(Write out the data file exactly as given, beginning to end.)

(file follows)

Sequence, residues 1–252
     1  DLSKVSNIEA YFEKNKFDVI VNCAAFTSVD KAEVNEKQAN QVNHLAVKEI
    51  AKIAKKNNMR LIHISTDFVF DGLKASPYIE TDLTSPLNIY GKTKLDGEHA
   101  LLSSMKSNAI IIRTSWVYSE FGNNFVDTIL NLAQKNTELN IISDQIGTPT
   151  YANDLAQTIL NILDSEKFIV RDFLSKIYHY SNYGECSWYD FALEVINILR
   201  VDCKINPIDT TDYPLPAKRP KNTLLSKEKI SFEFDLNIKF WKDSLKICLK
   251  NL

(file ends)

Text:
Sequence, residues 1–252
     1  DLSKVSNIEA YFEKNKFDVI VNCAAFTSVD KAEVNEKQAN QVNHLAVKEI
    51  AKIAKKNNMR LIHISTDFVF DGLKASPYIE TDLTSPLNIY GKTKLDGEHA
   101  LLSSMKSNAI IIRTSWVYSE FGNNFVDTIL NLAQKNTELN IISDQIGTPT
   151  YANDLAQTIL NILDSEKFIV RDFLSKIYHY SNYGECSWYD FALEVINILR
   201  VDCKINPIDT TDYPLPAKRP KNTLLSKEKI SFEFDLNIKF WKDSLKICLK
   251  NL